Welcome to my blog!

News from a wargamer with a special interest in the military history of the Balkans. It mainly covers my current reading and wargaming projects. For more detail you can visit the web sites I edit - Balkan Military History and Glasgow & District Wargaming Society. Or follow me on Twitter @Balkan_Dave

Friday, 31 July 2020

WW2 Turkish army on the tabletop

My latest project is probably, even for me, one of the more obscure armies of WW2. Not least because they declared war against the Axis in February 1945, and didn't get any fighting units into action before VE Day. However, that doesn't quite mean that they didn't fire a shot in anger, and there are many times when they came close to joining the conflict, under pressure from both sides. While most historians, with some justification, sniff at 'what-ifs', the wargamer can indulge quite happily.

That said, there are a few challenges. There are no Osprey books with shiny colour plates, in fact, very little published material at all, even in Turkish. My main source was a handbook written for the British War Office (in the National Archives), probably by a military attache attached to the embassy. I also think he made a few mistakes, which doesn't make matters easier.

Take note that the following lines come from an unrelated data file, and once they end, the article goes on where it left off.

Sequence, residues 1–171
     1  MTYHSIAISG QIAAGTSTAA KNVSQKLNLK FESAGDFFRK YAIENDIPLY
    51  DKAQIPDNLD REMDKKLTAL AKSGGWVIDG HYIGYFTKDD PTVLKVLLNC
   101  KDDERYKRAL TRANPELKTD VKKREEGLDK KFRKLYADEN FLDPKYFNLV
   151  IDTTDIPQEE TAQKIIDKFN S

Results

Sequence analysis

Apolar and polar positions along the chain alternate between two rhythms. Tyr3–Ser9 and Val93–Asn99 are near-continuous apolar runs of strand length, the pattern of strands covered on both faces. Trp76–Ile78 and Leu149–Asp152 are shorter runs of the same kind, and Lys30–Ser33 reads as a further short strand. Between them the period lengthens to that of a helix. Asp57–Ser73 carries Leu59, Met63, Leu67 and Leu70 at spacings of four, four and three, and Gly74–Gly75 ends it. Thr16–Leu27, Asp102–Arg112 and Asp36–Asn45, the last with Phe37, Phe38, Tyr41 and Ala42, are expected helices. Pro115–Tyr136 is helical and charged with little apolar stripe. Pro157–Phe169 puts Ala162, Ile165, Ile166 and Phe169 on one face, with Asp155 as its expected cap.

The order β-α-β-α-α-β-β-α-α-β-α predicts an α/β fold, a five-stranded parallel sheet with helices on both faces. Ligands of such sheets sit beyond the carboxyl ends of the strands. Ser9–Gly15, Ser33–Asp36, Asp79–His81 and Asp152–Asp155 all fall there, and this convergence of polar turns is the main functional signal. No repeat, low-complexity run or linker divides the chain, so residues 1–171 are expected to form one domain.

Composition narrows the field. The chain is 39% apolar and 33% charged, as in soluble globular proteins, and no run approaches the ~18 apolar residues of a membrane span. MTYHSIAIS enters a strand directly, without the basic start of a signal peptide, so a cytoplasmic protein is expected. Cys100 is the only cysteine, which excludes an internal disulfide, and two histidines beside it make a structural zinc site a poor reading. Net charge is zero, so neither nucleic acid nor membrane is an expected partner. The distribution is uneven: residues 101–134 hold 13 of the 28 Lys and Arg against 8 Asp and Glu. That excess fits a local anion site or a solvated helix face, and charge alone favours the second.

There are pictures, although in black and white, and a few items of militaria. We can reasonably assume that the posed public relations photos show the smartest and best equipped troops. There are some pictures of troops on campaign suppressing a rebellion prior to the war, which back up the British handbook's view that rank and file troops were provided with “very shoddy, ill-fitting clothes which in most cases, look extremely shabby, more especially in the east.”

Finding suitable models of Turkish equipment is not that difficult. because there was virtually no indigenous arms industry. They also used a bewildering amount of different weapons, which must have been a supply nightmare.